Other clubs have also pointed this out publicly. The president of Newcastle Christian Students club, for instance, stated: “For the last 18 months we’ve been very concerned and frustrated. We have not been welcomed and there has not been any consultation.”

In response to concerns raised by students over the new guidelines, Killick stated that they were fully in line with Student Services and Amenities Fees (SSAF) legislation.

The IYSSE treasurer rejected Killick’s interpretation of SSAF stating that, “the guidelines went far further than what is listed in the SSAF legislation… there is no clause forbidding ‘proselytization.’ Far from making clubs ‘vibrant and thriving’ as has been claimed in this meeting, UNSA is in fact restricting the political activities of clubs on campus.”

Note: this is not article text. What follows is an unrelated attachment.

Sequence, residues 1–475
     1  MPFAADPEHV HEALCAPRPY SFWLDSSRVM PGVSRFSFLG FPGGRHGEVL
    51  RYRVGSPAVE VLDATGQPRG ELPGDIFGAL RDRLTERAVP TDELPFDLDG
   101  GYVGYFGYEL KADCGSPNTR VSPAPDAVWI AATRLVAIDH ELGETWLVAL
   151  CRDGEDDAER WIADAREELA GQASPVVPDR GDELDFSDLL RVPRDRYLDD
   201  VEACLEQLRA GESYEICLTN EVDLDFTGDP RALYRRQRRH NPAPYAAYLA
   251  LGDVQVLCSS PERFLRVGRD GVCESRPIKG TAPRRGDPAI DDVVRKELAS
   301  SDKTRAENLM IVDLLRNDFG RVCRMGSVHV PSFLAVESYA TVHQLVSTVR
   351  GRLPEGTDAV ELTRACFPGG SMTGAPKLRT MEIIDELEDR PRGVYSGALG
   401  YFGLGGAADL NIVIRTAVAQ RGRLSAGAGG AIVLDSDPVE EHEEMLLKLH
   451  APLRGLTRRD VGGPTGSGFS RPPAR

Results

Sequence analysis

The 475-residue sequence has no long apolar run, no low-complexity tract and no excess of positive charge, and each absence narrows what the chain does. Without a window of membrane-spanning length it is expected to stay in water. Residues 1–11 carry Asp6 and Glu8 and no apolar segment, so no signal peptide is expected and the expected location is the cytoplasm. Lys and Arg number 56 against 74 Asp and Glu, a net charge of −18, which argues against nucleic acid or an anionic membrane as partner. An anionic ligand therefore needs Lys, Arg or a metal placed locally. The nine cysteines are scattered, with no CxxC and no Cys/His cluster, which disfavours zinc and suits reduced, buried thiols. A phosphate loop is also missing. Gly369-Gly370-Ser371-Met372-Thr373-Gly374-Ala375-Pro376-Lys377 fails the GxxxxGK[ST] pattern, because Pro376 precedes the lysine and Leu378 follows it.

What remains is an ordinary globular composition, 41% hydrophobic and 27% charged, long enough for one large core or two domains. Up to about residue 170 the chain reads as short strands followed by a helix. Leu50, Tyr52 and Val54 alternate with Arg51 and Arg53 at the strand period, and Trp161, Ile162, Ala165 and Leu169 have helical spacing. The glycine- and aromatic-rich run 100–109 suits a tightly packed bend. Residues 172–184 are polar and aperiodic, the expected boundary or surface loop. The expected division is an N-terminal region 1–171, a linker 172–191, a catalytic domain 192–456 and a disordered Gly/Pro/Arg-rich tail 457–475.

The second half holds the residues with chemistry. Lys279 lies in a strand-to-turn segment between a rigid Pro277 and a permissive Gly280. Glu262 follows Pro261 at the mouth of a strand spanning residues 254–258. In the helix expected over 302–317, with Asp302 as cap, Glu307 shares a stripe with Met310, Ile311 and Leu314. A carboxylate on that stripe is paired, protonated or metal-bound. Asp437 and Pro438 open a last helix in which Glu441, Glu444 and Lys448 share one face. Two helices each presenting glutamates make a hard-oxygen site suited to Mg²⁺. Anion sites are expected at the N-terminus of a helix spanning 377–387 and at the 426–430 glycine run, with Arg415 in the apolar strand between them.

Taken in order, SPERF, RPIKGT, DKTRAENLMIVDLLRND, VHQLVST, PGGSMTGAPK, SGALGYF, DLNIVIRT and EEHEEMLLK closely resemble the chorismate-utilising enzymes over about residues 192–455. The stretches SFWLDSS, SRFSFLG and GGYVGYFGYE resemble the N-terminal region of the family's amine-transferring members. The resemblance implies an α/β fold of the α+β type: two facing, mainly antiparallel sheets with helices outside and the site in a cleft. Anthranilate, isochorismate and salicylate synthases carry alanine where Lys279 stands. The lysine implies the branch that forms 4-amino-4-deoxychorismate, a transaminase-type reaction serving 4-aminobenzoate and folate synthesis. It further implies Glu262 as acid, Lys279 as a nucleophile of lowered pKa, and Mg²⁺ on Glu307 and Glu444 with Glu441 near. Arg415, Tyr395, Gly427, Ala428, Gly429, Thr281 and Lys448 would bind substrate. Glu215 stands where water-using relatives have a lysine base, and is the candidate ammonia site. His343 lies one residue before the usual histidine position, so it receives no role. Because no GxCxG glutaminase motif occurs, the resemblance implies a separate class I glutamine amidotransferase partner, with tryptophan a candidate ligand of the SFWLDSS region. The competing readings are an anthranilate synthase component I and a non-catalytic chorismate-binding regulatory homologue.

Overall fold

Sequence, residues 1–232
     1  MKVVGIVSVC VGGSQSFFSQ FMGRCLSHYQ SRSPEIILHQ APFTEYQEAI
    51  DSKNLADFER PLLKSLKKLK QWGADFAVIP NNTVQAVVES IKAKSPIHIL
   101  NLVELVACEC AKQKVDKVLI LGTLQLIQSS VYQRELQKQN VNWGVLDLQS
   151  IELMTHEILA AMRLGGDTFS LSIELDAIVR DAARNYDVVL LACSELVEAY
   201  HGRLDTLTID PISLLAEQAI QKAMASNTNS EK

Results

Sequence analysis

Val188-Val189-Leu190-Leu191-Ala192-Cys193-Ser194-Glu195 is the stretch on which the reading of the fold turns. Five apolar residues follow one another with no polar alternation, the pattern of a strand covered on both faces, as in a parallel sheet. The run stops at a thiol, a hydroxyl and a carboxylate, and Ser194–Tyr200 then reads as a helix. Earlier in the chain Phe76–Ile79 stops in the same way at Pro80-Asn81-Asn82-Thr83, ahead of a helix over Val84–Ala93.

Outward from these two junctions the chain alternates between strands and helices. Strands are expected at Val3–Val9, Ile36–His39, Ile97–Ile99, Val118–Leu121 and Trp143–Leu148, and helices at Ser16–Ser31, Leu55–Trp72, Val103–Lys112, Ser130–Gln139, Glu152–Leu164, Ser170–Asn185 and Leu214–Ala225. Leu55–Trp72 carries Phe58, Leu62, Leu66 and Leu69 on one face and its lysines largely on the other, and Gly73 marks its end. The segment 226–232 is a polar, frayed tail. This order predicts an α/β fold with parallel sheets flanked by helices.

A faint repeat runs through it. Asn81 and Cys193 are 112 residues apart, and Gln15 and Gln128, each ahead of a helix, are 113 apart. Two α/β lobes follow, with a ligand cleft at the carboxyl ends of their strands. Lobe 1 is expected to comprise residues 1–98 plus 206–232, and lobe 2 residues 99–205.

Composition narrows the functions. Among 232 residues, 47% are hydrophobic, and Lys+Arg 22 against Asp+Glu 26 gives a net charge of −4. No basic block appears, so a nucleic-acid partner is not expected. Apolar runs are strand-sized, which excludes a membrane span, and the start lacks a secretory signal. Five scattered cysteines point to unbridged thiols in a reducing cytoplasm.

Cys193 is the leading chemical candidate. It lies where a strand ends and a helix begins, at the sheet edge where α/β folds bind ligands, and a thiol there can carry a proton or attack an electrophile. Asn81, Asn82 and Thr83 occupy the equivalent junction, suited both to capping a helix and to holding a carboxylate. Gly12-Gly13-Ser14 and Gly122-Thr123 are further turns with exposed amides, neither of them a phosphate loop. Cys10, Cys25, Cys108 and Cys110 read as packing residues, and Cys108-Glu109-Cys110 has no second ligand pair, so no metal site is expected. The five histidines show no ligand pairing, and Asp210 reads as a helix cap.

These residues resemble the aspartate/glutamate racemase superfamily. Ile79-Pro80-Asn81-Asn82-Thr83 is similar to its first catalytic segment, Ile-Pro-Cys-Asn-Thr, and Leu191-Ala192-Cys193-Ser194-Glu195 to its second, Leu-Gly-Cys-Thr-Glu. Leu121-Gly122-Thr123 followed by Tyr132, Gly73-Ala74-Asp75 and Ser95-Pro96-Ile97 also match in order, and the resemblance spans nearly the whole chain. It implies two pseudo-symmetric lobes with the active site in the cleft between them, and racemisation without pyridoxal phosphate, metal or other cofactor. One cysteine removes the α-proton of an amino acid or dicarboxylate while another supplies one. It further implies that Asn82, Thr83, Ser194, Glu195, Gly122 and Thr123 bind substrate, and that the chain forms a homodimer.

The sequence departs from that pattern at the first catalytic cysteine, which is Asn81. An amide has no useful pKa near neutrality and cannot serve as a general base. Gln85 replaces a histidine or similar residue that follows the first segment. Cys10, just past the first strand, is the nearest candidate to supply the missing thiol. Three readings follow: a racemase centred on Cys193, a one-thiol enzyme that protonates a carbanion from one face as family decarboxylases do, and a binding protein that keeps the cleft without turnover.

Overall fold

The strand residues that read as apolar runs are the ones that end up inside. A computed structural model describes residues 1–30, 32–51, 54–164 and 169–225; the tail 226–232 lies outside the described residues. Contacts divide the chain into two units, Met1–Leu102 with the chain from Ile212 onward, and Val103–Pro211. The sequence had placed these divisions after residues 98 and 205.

Passed by the Greens-backed Labor government of Julia Gillard in 2011, the SSAF legislation imposes compulsory fees on students to provide basic services, which ought to be free.

It also states that funds raised cannot be used to support a political party. This has been interpreted in the past by the administration to revoke the opportunity for clubs such as the IYSSE to host “political members” on campus during Orientation Week, claiming that SSAF fees were being effectively siphoned to a political party.

The IYSSE led a fight against this interpretation at the University of Newcastle in 2015 by turning to the student body who successfully forced a repeal of the decision. In a statement that year, the IYSSE placed the attempted curtailment of political rights on campus in the content of the bipartisan assault on higher education, the growth of social inequality, and the militarisation of university campuses, in line with US-Australian preparations for war. It declared: